As a small business you need to focus on how you’re different and typically that boils down to you being able to give a more personal service.
Focus on Your Clients
We have seen on the websites we build for small businesses that visitors absolutely love to do their research – a big part of that is showing success stories from the people you’ve helped.
Get a large photo of your client and feature it proudly with their testimonial and then lead into what you want the visitor to do – typically enquire.
I’d say my biggest tip for entering business online would have to be a simple and effective layout with clear call-to-actions. Confusing a user when they first load the page with a ton of clutter will more than likely result in them leaving, without looking around. If you’re promoting a product that you’re trying to sell, make sure to put that across effectively with a link to purchase the product and a picture to show it off. Use the white space. Trying to cram information within a small space usually confuses people and looks more intimidating that you would think. Let your content breathe, users don’t mind scrolling if it makes the intended purpose of the site easier to see. This also makes what you’re saying in your text or showing in pictures far clearer to understand.
My second tip would be to make your online content responsive. A lot more of your users are viewing your content on a mobile device than you might think. It’s becoming a majority, so it seems silly not to give the majority of your users the best experience possible right? Responsive is the way forward, it should be a standard. It’s definitely getting there with pushes from Google. If you think about the amount of devices that have access to the internet, iPads, iPhones, Android tablets, Android phones, there are thousands of them. These devices all have access to your online content so making sure that it works on all of them will definitely help you in your online endeavors. Responsive is how you achieve this.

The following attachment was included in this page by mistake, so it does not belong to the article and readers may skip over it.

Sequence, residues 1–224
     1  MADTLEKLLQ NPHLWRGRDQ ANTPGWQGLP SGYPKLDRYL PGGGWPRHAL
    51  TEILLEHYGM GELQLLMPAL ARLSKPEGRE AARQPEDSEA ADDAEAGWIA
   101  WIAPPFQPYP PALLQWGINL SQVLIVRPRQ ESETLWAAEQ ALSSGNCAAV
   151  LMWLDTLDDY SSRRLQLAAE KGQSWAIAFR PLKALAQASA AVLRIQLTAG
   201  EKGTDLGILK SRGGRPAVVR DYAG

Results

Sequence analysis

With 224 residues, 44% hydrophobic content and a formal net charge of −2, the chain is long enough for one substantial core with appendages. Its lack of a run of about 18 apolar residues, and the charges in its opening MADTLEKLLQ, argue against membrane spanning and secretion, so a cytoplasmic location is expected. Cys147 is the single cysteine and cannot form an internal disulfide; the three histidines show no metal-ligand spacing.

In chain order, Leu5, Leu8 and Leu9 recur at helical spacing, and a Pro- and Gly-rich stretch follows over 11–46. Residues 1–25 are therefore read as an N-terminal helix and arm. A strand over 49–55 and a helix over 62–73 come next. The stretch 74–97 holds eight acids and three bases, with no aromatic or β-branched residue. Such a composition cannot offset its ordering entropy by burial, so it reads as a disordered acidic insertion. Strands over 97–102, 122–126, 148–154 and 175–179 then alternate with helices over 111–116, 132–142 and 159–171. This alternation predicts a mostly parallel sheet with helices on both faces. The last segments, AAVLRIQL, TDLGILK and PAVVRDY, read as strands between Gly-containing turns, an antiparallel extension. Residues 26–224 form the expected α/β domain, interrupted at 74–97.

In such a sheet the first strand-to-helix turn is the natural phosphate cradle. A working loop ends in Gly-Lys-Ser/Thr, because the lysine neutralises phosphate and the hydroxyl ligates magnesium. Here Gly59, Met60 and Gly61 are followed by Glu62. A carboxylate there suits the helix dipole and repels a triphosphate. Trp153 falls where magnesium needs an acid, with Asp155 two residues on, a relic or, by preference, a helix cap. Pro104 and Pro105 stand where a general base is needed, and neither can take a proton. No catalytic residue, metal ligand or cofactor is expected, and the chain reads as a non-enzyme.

Making sure your website is mobile and tablet ready.
Being responsive in web design terms means your site will respond to the device in which you’re viewing the internet from. So your new website will look equally brilliant on a desktop, tablet, or mobile screen.
The ever growing mobile internet market is upon us and as from July 2014 mobile internet use surpassed desktop use for the first time, so the need for any new or existing website to be viewed via mobiles and tablets is a must. An online user experience is also viewed by Google and many search engines as an essential part of any website SEO, not having a mobile friendly site could actually be detrimental to the websites ranking in the major search engines.